The Importance of Water
Maybe you have heard that water is the most common substance on earth. Water makes up over 50% of an adult human’s body, and it can be found in every cell. Water is also necessary for the body to function properly because it plays a central role in circulating nutrients, regulating temperature, and eliminating waste.
Because water is so vital, part of a healthcare worker’s role is to ensure that patients maintain fluid balance. A good fluid balance means that a person takes in as much fluid as he or she loses each day. We lose fluids when we use the bathroom, exercise, and take certain medications, but we can replace those fluids by drinking water and by eating foods with a high water content. Many fruits and vegetables like watermelon, strawberries, cucumbers, and lettuce are mostly water. Other fluid-rich foods include ice cream, popsicles, soup, and gelatin.
When a person has too little water in the body, the medical term is dehydration. Certain medical conditions such as vomiting, diarrhea, fever, or severe blood loss can increase a person’s risk of becoming dehydrated. But other factors can also increase a person’s risk, such as mobility issues. When a person has difficulty with mobility, getting up and getting a drink of water can be difficult. Furthermore, a person with limited mobility might fear having to get up to use the bathroom and may cut down on fluid intake.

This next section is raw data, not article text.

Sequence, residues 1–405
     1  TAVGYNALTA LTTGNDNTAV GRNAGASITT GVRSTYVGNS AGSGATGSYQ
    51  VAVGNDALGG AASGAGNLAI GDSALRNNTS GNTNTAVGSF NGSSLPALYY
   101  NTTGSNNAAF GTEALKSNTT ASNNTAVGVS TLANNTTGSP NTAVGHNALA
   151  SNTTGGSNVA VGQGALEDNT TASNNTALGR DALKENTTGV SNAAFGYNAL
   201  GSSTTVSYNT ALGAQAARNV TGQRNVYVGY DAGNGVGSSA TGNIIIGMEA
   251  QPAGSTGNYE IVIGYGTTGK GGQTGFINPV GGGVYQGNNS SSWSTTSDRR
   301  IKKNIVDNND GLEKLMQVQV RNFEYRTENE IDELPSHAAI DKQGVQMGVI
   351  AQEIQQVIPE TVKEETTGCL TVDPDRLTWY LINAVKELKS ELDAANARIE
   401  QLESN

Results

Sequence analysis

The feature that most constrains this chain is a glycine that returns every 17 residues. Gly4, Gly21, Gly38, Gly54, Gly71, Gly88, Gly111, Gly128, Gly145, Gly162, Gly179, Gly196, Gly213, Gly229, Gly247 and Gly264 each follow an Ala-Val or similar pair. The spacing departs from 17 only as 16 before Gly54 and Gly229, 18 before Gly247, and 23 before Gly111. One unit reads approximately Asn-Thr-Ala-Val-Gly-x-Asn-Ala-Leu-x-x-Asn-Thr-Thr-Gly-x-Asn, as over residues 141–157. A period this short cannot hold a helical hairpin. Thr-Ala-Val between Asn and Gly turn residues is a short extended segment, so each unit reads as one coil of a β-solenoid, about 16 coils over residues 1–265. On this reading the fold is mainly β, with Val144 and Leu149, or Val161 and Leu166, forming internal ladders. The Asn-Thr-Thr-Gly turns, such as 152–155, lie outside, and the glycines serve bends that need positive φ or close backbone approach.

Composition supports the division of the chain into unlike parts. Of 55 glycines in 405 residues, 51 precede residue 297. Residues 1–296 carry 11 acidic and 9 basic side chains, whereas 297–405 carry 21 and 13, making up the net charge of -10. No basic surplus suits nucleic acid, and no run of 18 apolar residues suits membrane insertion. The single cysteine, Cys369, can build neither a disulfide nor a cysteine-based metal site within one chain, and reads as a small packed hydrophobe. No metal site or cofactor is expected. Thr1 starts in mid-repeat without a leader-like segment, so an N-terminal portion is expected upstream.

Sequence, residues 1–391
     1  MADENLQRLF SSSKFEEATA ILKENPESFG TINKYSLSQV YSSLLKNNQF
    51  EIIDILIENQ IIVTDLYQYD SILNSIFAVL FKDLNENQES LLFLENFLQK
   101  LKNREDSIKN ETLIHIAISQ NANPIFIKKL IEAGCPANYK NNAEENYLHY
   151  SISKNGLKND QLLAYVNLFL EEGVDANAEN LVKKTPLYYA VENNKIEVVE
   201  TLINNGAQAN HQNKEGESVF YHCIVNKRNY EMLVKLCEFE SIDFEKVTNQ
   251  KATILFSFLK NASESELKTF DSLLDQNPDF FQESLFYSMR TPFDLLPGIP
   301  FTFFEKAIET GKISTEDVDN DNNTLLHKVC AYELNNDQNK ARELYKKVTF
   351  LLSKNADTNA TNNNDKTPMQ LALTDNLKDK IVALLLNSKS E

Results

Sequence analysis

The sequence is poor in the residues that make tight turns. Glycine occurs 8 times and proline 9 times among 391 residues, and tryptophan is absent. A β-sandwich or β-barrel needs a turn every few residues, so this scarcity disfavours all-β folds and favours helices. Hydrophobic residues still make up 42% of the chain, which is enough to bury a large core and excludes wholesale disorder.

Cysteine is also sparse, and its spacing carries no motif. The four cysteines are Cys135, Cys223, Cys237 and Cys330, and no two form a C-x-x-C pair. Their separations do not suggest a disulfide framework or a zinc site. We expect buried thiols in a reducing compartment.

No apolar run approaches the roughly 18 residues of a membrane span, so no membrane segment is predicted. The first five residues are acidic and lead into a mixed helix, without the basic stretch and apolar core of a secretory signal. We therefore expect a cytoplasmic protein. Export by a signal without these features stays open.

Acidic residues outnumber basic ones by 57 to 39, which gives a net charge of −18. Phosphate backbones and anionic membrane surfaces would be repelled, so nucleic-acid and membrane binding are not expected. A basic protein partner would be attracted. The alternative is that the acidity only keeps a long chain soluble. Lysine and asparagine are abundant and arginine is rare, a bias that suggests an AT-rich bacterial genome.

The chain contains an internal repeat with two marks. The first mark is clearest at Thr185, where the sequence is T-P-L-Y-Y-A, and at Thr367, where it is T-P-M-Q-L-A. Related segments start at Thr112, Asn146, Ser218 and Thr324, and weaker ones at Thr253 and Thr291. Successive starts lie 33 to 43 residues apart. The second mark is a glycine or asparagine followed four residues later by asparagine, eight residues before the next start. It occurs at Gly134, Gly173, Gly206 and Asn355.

As a healthcare worker, you can help your patients to maintain a healthy fluid balance by frequently offering fluids every time you enter the room and with each meal. If the person has difficulty drinking independently, you can provide a drinking straw. Offering fluids at a temperature that the patient prefers can also encourage drinking and help to ensure that the person is staying hydrated.